Saturday, September 15, 2007

Accessing Memory

I'm finding that the game code addresses some external memory using "paged mode". Basically, Port2 (P2) holds the High Byte address while an 8-bit register like R0 holds the Low Byte of the address. This allows for a 16-bit pseudo-address by combining P2 and R0.

Whenever graphics are addressed in the game code, they seem to be using a value of 0x20 for P2. Which tells me they are addressing a range of 0x2000 to 0x20FF.

I found that in other drivers using the CRC6845, they generally look at 2 memory locations to get it to work. One for the registers and another for the address. I found some video code that places values at 0x2080, 0x2081 and 0x2083. One too many addresses, but I can tell that the 0x2083 value always holds the address to the graphics character in it. Since its using "Transparent Mode Addressing", I'm gonna need all three.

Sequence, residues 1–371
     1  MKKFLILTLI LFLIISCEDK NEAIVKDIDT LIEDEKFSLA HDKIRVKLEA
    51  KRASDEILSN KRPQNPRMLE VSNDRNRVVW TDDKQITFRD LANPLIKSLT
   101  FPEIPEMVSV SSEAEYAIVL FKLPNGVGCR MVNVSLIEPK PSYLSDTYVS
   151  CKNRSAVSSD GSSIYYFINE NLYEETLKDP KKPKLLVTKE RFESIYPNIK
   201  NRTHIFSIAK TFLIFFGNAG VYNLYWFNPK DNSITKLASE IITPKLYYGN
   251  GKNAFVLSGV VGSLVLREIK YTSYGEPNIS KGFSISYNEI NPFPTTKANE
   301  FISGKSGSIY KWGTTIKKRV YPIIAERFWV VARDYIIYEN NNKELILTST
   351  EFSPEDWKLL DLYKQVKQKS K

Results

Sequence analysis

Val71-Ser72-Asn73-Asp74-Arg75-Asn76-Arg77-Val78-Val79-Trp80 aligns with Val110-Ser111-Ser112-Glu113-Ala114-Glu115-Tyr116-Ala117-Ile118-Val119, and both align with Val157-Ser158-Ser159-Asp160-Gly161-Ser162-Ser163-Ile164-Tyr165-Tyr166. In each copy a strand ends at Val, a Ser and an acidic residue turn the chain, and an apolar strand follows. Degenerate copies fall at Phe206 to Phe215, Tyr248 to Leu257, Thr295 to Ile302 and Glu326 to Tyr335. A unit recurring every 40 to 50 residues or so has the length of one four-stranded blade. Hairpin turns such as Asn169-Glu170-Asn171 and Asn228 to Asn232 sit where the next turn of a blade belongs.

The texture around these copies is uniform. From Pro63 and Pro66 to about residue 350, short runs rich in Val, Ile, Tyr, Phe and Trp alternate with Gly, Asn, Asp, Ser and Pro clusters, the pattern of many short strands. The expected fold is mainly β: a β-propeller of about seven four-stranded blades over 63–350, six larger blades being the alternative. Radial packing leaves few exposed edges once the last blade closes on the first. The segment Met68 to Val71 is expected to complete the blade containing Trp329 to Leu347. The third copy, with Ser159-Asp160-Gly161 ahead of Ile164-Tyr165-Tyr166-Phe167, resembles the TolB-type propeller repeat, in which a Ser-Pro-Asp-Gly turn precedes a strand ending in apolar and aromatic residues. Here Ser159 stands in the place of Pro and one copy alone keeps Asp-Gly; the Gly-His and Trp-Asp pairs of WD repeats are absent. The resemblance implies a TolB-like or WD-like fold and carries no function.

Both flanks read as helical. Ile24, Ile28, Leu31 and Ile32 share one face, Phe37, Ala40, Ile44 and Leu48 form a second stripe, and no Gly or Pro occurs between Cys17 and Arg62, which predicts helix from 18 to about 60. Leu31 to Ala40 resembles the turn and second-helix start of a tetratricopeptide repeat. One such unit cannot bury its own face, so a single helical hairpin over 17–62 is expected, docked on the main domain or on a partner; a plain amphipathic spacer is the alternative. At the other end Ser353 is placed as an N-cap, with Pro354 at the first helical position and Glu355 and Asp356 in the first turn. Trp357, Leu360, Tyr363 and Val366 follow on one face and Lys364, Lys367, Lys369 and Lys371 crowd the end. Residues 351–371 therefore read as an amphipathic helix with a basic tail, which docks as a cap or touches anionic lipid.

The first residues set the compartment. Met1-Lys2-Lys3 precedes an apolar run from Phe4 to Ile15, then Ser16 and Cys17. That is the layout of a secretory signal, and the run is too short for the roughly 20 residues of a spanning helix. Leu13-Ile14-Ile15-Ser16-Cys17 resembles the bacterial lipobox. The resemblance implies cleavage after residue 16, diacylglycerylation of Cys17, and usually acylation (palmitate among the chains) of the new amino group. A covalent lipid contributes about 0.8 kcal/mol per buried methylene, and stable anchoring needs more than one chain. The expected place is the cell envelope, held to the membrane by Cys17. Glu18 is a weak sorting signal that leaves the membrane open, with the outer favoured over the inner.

Thursday, September 13, 2007

Video Processor

I think I have resolved the issues with the memory and started to try and find out how the video is handled in the game code. After a ton of research I find out the video system appears to be using a special method called "Transparent Mode Addressing". The MAME driver for the CRTC6845 doesn't seem to be coded to handle this yet. I'm gonna try to go without the driver and hack my own implementation for now. I'd really like to see some kind of visuals show up on screen. If I get anything to show up I will go back and see about adding the features to the CRTC6845 driver at a later date.